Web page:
With the Maxwell architecture in hand and its 28nm optimizations in place, the final piece of the puzzle is deciding where to launch first. Thanks to the embarrassingly parallel nature of graphics and 3D rendering, at every tier of GPU – from SoC to Tesla – GPUs are fundamentally power limited. Their performance is constrained by the amount of power needed to achieve a given level of performance, whether it’s limiting clockspeed ramp-ups or just building out a wider GPU with more transistors to flip. But this is especially true in the world of SoCs and mobile discrete GPUs, where battery capacity and space limitations put a very hard cap on power consumption.

As a result, not unlike the mobile first strategy NVIDIA used in designing the architecture, when it comes to building their first Maxwell GPU NVIDIA is starting from the bottom. The bulk of NVIDIA’s GPU shipments have been smaller, cheaper, and less power hungry chips like GK107, which for the last two years has formed the backbone of NVIDIA’s mobile offerings, NVIDIA’s cloud server offerings, and of course NVIDIA’s mainstream desktop offerings. So when it came time to roll out Maxwell and its highly optimized 28nm design, there was no better and more effective place for NVIDIA to start than with the successor to GK107: the Maxwell based GM107.

Over the coming months we’ll see GM107 in a number of different products. Its destiny in the mobile space is all but set in stone as the successor to the highly successful GK107, and NVIDIA’s GRID products practically beg for greater efficiency. But for today we’ll be starting on the desktop with the launch of NVIDIA’s latest desktop video cards: GeForce GTX 750 Ti and GeForce GTX 750.

Maxwell’s Feature Set: Kepler Refined
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  • Mondozai - Wednesday, February 19, 2014 - link

    Anywhere outside of NA gives normal prices. Get out of your bubble. Reply
  • ddriver - Wednesday, February 19, 2014 - link

    Yes, prices here are pretty much normal, no on rushes to waste electricity on something as stupid as bitcoin mining. Anyway, I got most of the cards even before that craze began. Reply
  • R3MF - Tuesday, February 18, 2014 - link

    at ~1Bn transitors for 512Maxwell shaders i think a 20nm enthusiast card could afford the 10bn transistors necessary for a 4096 shaders... Reply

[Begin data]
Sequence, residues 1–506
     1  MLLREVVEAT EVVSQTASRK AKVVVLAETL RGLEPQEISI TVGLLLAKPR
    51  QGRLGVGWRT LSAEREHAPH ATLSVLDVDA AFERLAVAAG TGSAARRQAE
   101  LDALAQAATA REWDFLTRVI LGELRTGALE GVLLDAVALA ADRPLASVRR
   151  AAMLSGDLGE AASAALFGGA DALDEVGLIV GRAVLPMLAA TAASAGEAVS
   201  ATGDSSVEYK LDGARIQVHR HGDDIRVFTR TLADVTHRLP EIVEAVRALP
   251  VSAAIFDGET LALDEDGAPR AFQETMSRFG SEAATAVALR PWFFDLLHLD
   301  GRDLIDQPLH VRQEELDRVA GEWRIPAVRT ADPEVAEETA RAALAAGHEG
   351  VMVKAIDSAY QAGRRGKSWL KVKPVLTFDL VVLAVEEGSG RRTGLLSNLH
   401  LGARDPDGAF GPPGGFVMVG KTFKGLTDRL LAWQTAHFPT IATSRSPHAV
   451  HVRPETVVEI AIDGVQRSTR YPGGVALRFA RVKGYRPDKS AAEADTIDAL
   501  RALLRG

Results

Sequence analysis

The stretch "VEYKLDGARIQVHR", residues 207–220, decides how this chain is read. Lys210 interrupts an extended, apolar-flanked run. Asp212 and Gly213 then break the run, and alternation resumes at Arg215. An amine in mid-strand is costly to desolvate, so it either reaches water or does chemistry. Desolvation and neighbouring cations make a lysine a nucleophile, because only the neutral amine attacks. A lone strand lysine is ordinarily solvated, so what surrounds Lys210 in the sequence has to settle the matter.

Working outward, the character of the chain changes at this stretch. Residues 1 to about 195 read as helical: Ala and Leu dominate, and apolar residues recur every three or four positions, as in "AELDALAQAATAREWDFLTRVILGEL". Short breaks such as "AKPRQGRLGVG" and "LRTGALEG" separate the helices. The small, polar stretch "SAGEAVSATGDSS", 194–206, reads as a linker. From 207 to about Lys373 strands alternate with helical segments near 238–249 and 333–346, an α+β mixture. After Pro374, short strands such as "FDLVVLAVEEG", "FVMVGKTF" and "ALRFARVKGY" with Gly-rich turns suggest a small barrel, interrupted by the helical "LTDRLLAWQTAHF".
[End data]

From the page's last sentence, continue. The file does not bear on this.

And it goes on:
• Krysto - Tuesday, February 18, 2014 - link

    If Maxwell has 2x the P/W, and Tegra K2 arrives at 16nm, with 2 SMX (which is very reasonable expection), then Tegra K2 will have at least a 1 Teraflop of performance, if not more than 1.2 Teraflops, which would already surpass the Xbox One.

    Now THAT's exciting.
    Reply
  • chizow - Tuesday, February 18, 2014 - link

    It probably won't be Tegra K2, will most likely be Tegra M1 and could very well have 3xSMM at 20nm (192x2 vs. 128x3), which according to the article might be a 2.7x speed-up vs. just a 2x using Kepler's SMX arch. But yes, certainly all very exciting possibilities. Reply
  • grahaman27 - Wednesday, February 19, 2014 - link

    the Tegra M1 will be on 16nm finfet if they stick to their roadmap. But, since they are bringing the 64bit version sooner than expected, I dont know what to expect. BTW, it has yet to be announce what manufacturing process the 64bit version will be... we can only hope TSMC 20nm will arrive in time. Reply
  • Mondozai - Wednesday, February 19, 2014 - link

    Exciting or f%#king embarrassing for M$? Or for the console industry overall. Reply
  • RealiBrad - Tuesday, February 18, 2014 - link

    Looks to be an OK card when you consider that mining has caused AMD cards to sell out and push up price.

    It looks like the R7 265 is fairly close on power, temp, and noise. If AMD supply could meet demand, then the 750Ti would need to be much cheaper and would not look nearly as good.
    Reply
  • Homeles - Tuesday, February 18, 2014 - link

    Load power consumption is clearly in Nvidia's favor. Reply
  • DryAir - Tuesday, February 18, 2014 - link

    Power consumpion is way higher... give a look at TPU´s review. But price/perf is a lot beter yeah.

    Personally I'm a sucker for low power, and I will gadly pay for it.
    Reply